See: horizon; soil
A land type generally devoid of vegetation and brohen by an intricate maze of narrow ravines, sharp crests, and pinnacles resulting from serious erosion of soft geologic materials. This type is most common in arid or semiarid regions. It is a miscellaneous land type.
A unit of pressure equal to one million dynes per square centimetre.
base course; base
A layer of specified or selected material of planned thickness constructed on the subgrade or subbase for distributing load and providing drainage or minimizing frost action and other such purposes.
base saturation percentage
The extent to which the adsorption complex of a soil is saturated with exchangeable cations other than hydrogen and aluminum. It is expressed as a percentage of the total cation exchange capacity.
Sediments that are modified in their degree of sorting or surface relief or both by the action of waves .
The average load per unit area that is required to rupture a supporting soil mass.
A unit layer 1 cm (0.4 inch) or more thick that is visually or physically more or less distinctly separable from other layers above and below in a stratified sequence.
The solid rock that underlies soil and the regolith or that is exposed at the surface.
A sequence of related soils that differ from one another primarily in the kinds and numbers of soil organisms that play a part in soil formation.
A profile of plants and soil showing the vertical and lateral distribution of roots and tops in their natural position.
Two sequa in one soil; that is, two sequences of an eluvial horizon and its related illuvial horizon.
A great group of soils in the Chernozemic order. The soils occur in the cool to cold subhumid grassland and parkland regions. They have a very dark surface (Ah or Ap) horizon and ordinarily a brownish B (Bm, Btj or Bt) horizon which may be absent over a highly base-saturated usually calcareous C horizon.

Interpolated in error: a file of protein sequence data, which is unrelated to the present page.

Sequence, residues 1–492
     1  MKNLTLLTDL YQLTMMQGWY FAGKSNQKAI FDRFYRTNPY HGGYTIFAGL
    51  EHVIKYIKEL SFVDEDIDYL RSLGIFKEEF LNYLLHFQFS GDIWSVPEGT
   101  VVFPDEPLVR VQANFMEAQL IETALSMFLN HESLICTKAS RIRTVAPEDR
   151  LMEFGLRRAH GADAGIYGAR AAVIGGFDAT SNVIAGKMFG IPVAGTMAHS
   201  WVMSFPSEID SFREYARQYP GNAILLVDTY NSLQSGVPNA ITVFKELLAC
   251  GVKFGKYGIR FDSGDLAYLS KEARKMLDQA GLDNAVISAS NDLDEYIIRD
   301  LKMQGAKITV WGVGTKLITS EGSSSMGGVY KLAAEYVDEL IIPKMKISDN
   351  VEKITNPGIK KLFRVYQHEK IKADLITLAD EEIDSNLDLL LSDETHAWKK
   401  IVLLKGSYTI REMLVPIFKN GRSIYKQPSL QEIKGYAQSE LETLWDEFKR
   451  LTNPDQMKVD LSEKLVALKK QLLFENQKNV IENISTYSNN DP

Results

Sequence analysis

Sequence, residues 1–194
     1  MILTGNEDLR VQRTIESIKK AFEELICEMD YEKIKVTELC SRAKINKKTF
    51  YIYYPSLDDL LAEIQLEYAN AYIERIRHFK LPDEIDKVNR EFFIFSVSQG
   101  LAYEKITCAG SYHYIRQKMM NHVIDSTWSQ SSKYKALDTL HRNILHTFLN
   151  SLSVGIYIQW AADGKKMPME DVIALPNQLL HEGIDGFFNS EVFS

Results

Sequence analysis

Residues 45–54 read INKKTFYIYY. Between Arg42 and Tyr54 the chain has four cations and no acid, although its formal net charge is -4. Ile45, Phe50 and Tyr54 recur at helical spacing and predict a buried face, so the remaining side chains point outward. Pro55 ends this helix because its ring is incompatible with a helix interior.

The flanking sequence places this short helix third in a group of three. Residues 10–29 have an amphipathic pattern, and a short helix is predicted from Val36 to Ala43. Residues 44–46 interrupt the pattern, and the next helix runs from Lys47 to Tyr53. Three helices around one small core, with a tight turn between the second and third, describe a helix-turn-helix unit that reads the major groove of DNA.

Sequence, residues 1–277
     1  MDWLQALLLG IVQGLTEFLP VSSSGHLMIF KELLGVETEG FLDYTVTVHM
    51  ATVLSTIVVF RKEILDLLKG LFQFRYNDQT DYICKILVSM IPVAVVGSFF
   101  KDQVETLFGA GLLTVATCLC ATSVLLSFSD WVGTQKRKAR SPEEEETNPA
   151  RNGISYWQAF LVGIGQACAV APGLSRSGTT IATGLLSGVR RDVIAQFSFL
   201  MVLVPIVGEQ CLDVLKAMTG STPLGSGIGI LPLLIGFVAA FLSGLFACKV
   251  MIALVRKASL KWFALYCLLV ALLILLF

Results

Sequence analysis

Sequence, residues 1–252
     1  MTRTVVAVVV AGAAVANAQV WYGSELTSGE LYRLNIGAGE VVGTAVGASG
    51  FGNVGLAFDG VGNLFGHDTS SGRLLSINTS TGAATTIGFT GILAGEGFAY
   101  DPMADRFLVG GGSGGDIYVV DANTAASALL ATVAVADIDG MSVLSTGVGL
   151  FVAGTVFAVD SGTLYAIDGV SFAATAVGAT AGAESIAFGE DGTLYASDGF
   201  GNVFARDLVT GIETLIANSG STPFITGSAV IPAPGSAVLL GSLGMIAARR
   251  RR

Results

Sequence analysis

See structure types; soil.
Sandy material that is or has been subjected to wind action.
blown out land
An area from which all or almost all the soil and soil material have been removed by wind erosion. It is usually a barren shallow depression that has a flat or irregular floor consisting of a rather resistant layer or an accumulation of pebbles or both or a wet zone immediately above a water table. The land is usually unfit for crop production. It is a miscellaneous land type.
A small area from which soil material has been removed by wind.
Permanently wet land having low bearing strength.
Impure iron deposits that develop in bogs or swamps by the chemical or biochemical oxidation of iron carried in solution.
See irrigation methods.
Rock fragments over 60 cm (2 ft) in diameter. In engineering practice boulders are greater than 20 cm (8 inches) in diameter. See also coarse fragments.
A rock composed of coarse angular fragments cemented in a fine-grained matrix.
A great group of soils in the Chernozemic order. The soils occur in the cool, subarid to semiarid grassland regions, and consist of a brown (dry) surface (Ah or Ap) horizon and ordinarily a lighter-colored brownish B (Bm, Btj or Bt) horizon which may be absent over a highly basesaturated usually calcareous C horizon.
An order of soils whose horizons are developed sufficiently to exclude the soils from the Regosolic order but that lack the degrees or kinds of horizon development specified for soils of the other orders. These soils which occur under a wide variety of climatic and vegetative conditions all have Bm or Btj horizons. See also: Brunisolic Soil Classification.
buffer compounds/ soil
The clay, organic matter, and materials such as carbonates and phosphates that enable the soil to resist appreciable change in pH.
bulk density; soil
The mass of dry soil per unit bulk volume. The bulk volume is determined before the soil is dried to constant weight at 105° C. It has been called apparent density.
bulk specific gravity
The ratio of the bulk density of a soil to the mass of a unit volume of water. (It is also called apparent specific gravity.)
The volume, including the solids and the pores, of an arbitrary soil mass.
Soil covered by an alluvial loessial or other deposit usually to a depth greater than the thickness of the solum.
An isolated hill rising abruptly above the surrounding area and having steep sides and a flat top. Most of the top has been removed by erosion and it has a smaller summit area than a mesa.